That breadth will also enable us to multiply and accelerate our impact, as advances in one field can then more readily be applied to other disciplines across the academy. To leverage this breadth, we need to continue to break down silos and stimulate interdisciplinary work, building on the leadership of President Hennessy and Provost Etchemendy.

I also want to highlight a fourth priority, which is to explore the moral, legal and societal dimensions of our research output. With our deep engagement with technological innovation, and our strengths in law, business, anthropology and ethics, we are well positioned to evaluate and anticipate the social impact of innovations like artificial intelligence or genome editing and to prepare society to respond.

As a purposeful university, we must not only enable change, but also help understand change and manage change.

Diversity and freedom of expression

Now let us consider our foundational strength: our people and our culture.

We have the most remarkable Stanford family – faculty, students, staff and alumni. I’ve already commented on aspects of our culture: our optimism, our resilience and our courage to evolve. I have also been struck by the warmth and collegiality of our community, and our culture of mutual understanding and respect has really stood out as I have met with you – in town halls, student residences and faculty receptions. And I am inspired by the richness of our diversity.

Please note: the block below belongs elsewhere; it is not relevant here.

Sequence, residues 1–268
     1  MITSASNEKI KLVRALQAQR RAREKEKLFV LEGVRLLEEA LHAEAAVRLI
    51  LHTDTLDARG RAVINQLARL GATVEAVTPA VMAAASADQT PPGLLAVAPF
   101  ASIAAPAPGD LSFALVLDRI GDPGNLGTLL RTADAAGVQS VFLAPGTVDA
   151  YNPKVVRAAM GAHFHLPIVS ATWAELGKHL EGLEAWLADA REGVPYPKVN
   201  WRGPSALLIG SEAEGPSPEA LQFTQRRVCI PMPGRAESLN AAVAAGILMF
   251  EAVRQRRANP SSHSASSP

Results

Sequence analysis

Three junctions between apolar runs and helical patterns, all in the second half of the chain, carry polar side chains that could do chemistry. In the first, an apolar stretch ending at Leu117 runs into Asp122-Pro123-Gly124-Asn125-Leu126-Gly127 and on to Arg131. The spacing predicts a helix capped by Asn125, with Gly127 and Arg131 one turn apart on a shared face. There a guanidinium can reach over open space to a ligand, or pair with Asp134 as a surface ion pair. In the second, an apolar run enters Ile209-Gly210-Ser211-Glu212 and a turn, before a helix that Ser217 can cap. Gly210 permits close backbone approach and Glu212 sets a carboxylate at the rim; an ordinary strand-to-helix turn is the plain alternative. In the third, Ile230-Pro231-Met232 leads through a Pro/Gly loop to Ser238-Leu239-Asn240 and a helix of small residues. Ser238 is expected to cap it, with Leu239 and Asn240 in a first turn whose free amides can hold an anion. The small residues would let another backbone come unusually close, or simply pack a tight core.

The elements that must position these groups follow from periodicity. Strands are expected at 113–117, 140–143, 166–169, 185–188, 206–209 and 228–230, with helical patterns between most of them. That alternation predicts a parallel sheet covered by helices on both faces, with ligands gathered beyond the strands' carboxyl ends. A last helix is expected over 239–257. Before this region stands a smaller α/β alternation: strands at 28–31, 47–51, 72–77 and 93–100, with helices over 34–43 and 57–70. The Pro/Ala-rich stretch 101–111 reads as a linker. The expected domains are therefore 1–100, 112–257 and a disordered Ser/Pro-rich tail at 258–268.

Last month, walking across campus, I met Andrew, Bianka and Trevor – three resident assistants. I asked for their advice, and they urged me to reach out to as many students as possible. They said there is no typical Stanford student. Stanford is a heterogeneous community, with people of many backgrounds and experiences.

Our embrace of diversity dates back to Jane and Leland Stanford, who created an institution that from the start was nondenominational and open to all genders and races, that would “open an avenue whereby the deserving and the exceptional may rise through their own efforts.” As the first member of my immediate family to attend college, this commitment to diversity, opportunity and access is particularly meaningful to me.

“When we have the courage to challenge ideas, embrace our differences and learn from each other, our potential is truly unlimited. That is the power of diversity.”

—Stanford President Marc Tessier-Lavigne